Answers to your previous questions have dealt with this too. To bring new faces as MLAs and ministers was a decision taken by the party. I am glad that many including our adversaries are now in full praise of our efforts in the health sector. The very people who had ridiculed Shailaja Teacher are singing praise of her. All our initiatives are part of team work. And, an able and competent young woman has succeeded Shailaja Teacher. I would request all to stop the canards and support the government in its efforts to deal with the pandemic.
In the last term, actions of certain bureaucrats caused a negative image for the government. How will you keep the bureaucracy disciplined?
Bureaucracy, by and large, have been supportive of government initiatives. There could be isolated instances. But that happens everywhere. In any case, we are vigilant on such matters.
You are often referred to as the supreme leader of the party too. How will you ensure there is better and more consultation with the party?
The question springs up due to falsehood that is propagated and lack of knowledge about our party. The decisions of the government are according to the promises we have made to the people. The media wants to stereotype people and to create certain images. The people of Kerala can see through all these designs.
How will the government tide over the huge debt-trap the state is facing? How do you plan to fight the Centre’s efforts to delegitimize the work done by Kerala Infrastructure Investment Fund Board (KIIFB)?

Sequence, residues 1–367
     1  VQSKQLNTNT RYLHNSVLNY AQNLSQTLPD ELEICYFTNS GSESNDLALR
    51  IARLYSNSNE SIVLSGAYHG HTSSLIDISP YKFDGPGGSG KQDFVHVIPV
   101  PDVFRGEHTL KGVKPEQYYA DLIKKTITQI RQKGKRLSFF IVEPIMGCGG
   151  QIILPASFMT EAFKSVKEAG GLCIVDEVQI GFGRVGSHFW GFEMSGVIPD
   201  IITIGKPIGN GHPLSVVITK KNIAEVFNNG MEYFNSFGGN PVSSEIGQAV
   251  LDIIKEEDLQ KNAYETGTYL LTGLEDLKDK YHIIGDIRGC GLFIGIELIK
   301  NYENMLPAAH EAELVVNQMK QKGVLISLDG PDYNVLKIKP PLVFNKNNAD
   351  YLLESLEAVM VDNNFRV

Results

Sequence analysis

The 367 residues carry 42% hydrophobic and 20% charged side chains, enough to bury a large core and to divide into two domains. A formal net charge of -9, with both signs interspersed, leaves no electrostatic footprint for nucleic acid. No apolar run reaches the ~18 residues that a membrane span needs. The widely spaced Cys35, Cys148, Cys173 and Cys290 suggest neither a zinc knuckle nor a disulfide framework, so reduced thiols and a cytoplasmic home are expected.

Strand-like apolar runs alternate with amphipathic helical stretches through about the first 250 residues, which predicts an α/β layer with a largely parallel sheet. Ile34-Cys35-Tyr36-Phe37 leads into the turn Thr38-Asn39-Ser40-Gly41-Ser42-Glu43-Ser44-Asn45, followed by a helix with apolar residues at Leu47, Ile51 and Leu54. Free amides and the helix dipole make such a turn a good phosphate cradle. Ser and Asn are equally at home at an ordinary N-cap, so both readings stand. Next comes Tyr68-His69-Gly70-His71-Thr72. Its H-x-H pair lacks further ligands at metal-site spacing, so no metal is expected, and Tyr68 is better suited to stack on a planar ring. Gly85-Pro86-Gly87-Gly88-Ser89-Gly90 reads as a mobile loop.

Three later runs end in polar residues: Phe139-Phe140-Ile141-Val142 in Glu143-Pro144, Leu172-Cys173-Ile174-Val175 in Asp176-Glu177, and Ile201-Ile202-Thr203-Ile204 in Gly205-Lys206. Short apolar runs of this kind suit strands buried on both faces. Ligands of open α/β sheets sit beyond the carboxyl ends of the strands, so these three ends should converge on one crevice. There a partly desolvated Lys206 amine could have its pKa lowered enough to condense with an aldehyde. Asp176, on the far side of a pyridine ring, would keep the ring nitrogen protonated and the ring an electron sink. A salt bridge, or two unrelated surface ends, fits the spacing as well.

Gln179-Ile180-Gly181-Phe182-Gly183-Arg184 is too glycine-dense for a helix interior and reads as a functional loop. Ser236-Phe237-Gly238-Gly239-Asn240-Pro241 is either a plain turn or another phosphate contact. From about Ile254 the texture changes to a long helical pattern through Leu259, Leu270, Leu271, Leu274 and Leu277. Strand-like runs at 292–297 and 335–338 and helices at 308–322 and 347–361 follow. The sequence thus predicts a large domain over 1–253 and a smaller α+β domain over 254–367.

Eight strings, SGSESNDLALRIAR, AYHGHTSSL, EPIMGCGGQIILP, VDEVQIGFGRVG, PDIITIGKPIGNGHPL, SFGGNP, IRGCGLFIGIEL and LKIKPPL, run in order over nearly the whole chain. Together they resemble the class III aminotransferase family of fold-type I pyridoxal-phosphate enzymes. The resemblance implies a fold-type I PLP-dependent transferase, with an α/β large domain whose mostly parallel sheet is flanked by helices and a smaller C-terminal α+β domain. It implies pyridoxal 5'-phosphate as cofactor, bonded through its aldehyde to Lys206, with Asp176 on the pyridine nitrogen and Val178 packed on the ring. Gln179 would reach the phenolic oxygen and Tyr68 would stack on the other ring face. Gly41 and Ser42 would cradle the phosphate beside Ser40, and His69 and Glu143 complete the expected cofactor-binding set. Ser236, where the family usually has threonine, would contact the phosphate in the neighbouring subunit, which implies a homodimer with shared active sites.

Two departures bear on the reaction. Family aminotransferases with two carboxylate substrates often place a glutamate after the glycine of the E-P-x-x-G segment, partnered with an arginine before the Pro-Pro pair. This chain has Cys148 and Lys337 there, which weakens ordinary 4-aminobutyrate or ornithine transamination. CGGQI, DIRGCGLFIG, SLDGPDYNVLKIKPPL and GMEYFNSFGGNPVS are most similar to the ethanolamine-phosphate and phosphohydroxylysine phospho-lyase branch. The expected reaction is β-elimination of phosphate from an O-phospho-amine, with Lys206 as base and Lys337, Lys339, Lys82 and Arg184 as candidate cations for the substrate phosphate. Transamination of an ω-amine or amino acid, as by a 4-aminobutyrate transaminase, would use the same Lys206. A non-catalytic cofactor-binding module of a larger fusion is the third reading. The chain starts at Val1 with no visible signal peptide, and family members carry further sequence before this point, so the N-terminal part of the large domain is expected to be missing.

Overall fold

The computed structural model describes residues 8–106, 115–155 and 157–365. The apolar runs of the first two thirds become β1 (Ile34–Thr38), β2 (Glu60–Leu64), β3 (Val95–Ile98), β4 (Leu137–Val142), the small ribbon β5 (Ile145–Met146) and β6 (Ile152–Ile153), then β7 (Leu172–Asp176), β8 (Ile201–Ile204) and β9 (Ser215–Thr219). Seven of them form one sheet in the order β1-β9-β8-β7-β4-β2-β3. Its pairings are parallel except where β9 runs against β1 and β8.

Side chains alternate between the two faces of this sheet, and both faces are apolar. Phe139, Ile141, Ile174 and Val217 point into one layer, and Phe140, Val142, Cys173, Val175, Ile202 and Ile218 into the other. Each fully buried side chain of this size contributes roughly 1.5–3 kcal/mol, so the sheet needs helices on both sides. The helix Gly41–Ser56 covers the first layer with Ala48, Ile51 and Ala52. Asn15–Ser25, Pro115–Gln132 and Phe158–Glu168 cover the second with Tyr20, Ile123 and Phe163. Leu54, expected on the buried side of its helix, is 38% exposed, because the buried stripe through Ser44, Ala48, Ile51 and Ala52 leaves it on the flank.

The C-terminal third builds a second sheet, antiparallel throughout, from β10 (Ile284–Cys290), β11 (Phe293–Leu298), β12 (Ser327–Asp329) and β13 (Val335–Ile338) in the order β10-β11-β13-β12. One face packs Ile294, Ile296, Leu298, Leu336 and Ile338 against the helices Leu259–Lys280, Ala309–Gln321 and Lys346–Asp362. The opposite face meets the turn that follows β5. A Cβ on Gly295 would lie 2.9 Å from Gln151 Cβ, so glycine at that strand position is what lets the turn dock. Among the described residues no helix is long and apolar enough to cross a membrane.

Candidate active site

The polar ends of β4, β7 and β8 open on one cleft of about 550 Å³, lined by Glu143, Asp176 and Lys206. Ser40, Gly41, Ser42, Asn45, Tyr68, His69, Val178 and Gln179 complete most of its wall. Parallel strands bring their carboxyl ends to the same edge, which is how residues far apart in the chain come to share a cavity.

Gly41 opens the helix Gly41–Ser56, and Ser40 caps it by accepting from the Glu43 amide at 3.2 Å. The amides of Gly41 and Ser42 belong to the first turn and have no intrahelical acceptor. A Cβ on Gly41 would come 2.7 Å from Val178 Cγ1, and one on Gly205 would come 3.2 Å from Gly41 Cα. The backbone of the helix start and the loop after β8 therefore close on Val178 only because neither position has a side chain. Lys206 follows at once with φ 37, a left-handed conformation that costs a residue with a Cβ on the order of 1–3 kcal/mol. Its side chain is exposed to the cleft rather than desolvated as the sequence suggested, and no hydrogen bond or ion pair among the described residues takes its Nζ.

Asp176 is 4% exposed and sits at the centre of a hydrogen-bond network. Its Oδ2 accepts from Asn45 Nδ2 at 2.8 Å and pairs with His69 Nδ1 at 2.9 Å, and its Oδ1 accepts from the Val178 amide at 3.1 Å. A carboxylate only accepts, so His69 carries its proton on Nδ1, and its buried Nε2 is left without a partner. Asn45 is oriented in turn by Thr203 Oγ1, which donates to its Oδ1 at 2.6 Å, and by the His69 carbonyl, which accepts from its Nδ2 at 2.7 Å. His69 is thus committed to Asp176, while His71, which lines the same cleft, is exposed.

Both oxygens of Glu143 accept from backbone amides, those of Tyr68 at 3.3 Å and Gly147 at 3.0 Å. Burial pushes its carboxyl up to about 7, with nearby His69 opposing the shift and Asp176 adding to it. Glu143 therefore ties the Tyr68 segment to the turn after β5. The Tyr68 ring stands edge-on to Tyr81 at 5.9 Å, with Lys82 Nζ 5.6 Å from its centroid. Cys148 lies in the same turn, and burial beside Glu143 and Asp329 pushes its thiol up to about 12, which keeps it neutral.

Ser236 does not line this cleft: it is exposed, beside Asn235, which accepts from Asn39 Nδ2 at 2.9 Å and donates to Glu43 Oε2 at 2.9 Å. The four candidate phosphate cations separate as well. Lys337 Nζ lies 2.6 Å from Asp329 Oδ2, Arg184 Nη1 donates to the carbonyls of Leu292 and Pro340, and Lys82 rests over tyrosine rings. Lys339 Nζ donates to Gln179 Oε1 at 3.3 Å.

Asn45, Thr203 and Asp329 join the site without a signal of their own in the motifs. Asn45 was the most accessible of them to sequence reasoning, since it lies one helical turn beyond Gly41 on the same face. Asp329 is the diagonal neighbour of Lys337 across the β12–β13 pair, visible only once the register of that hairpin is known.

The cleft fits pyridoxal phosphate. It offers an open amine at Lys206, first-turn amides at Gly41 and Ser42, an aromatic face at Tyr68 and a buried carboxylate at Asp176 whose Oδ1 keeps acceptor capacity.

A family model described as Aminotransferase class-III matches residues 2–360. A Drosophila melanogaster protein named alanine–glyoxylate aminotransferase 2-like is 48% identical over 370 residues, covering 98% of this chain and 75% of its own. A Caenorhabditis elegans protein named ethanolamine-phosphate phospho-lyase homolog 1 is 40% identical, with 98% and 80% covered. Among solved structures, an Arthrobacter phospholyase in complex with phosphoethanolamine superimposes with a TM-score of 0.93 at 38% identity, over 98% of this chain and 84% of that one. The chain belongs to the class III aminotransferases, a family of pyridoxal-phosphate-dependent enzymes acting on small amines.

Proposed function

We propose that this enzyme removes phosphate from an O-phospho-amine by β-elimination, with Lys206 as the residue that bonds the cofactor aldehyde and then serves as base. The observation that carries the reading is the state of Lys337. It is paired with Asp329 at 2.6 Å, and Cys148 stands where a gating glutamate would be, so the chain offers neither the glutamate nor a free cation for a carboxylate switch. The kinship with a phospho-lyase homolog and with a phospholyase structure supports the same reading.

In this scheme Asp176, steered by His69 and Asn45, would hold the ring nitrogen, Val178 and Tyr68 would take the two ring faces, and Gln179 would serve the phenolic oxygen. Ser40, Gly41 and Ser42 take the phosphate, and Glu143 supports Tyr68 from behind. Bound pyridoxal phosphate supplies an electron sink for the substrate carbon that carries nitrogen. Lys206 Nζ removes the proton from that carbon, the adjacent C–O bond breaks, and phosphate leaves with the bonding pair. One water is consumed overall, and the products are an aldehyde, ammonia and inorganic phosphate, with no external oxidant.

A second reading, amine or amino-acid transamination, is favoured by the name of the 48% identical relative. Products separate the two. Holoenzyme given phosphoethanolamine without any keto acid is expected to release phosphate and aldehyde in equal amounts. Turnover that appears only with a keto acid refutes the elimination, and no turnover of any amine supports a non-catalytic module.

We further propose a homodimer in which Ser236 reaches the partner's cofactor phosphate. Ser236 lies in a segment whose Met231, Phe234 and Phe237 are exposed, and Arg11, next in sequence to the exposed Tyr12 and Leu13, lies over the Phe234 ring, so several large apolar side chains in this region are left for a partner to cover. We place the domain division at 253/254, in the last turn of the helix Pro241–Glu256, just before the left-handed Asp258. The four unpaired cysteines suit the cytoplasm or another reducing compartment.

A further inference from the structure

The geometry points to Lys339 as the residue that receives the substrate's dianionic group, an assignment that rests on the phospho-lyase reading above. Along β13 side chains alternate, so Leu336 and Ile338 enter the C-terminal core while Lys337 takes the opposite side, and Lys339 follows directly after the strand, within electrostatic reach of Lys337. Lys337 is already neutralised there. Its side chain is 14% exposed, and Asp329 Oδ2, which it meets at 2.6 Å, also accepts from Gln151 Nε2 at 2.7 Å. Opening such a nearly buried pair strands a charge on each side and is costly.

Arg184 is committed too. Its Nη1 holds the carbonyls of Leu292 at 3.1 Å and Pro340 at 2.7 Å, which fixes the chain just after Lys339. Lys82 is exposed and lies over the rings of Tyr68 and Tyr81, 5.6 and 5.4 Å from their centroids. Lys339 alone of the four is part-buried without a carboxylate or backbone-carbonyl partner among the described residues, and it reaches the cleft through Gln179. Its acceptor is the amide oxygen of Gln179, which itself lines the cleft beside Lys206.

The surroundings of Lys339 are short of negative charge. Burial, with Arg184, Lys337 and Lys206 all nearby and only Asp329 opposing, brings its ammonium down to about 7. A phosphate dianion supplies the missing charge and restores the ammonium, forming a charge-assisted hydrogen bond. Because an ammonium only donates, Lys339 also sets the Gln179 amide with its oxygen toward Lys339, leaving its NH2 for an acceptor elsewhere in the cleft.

It is true that we are facing financial constraints. But that does not mean there is any debt trap. Despite the floods, Nipah, Okhi Cyclone and the pandemic, we were able to fulfil 570 promises out of 600 in our last manifesto. KIIFB is a means to ensure speedy implementation of various developmental projects enriching the State both on economic as well as social fronts. Even while invigorating our infrastructure projects, we also make it a point to modernise our schools. We do it on a vision to prepare Kerala to face the future world. It is unfortunate that various Agencies of the Centre have been working against KIFBI. We will deal with it both politically and legally. It is also curious to know that our KIFBI model has been copied at the Centre.
How does the economic impact of the second wave compare with the first wave?
It is challenging. But we are confident of tiding over the crisis. Our immediate concern is to mitigate the suffering of the people.
The amount apportioned for pandemic-related health spends and buying vaccines. To what extent does this impact your capital expenditure programme, and would this significantly impact the recovery spending?
We have put across our views to the Centre regarding vaccination. We feel that it is the obligation of the Centre to ensure free vaccination for the people. However, that will not deter us from discharging our promise to the people.
Would a hike in the fiscal limits help give visibility to states to borrow more for spending? The shortfall of GST revenues and the lack of clarity on how this will be bridged, is that also lowering the headroom for states to spend?
We have always raised our concerns regarding the revenue distribution between the Centre and the states. Unless states are economically propped up, the challenges staring at the country cannot be dealt with. Many slogans like “Affluent states, strong Centre” have been raised in the past. But in effect, states have been given a raw deal. We have, many a time, submitted our proposal as to how the resource position of the States can be improved.
With a dilapidated Congress and disunity among opposition parties, how is the BJP going to be countered at the national level? Counting on the big show of resistance in Bengal, is it a possibility that the opposition can come together under the leadership of Mamata Banerjee?
Our perspective with regard to national policies is very clear. Our prime objective is to ensure the defeat of the BJP, which has a divisive agenda. The recent elections certainly underline our point that there are forces which can take on BJP. We do hope that there will be movements in that direction at the national level too.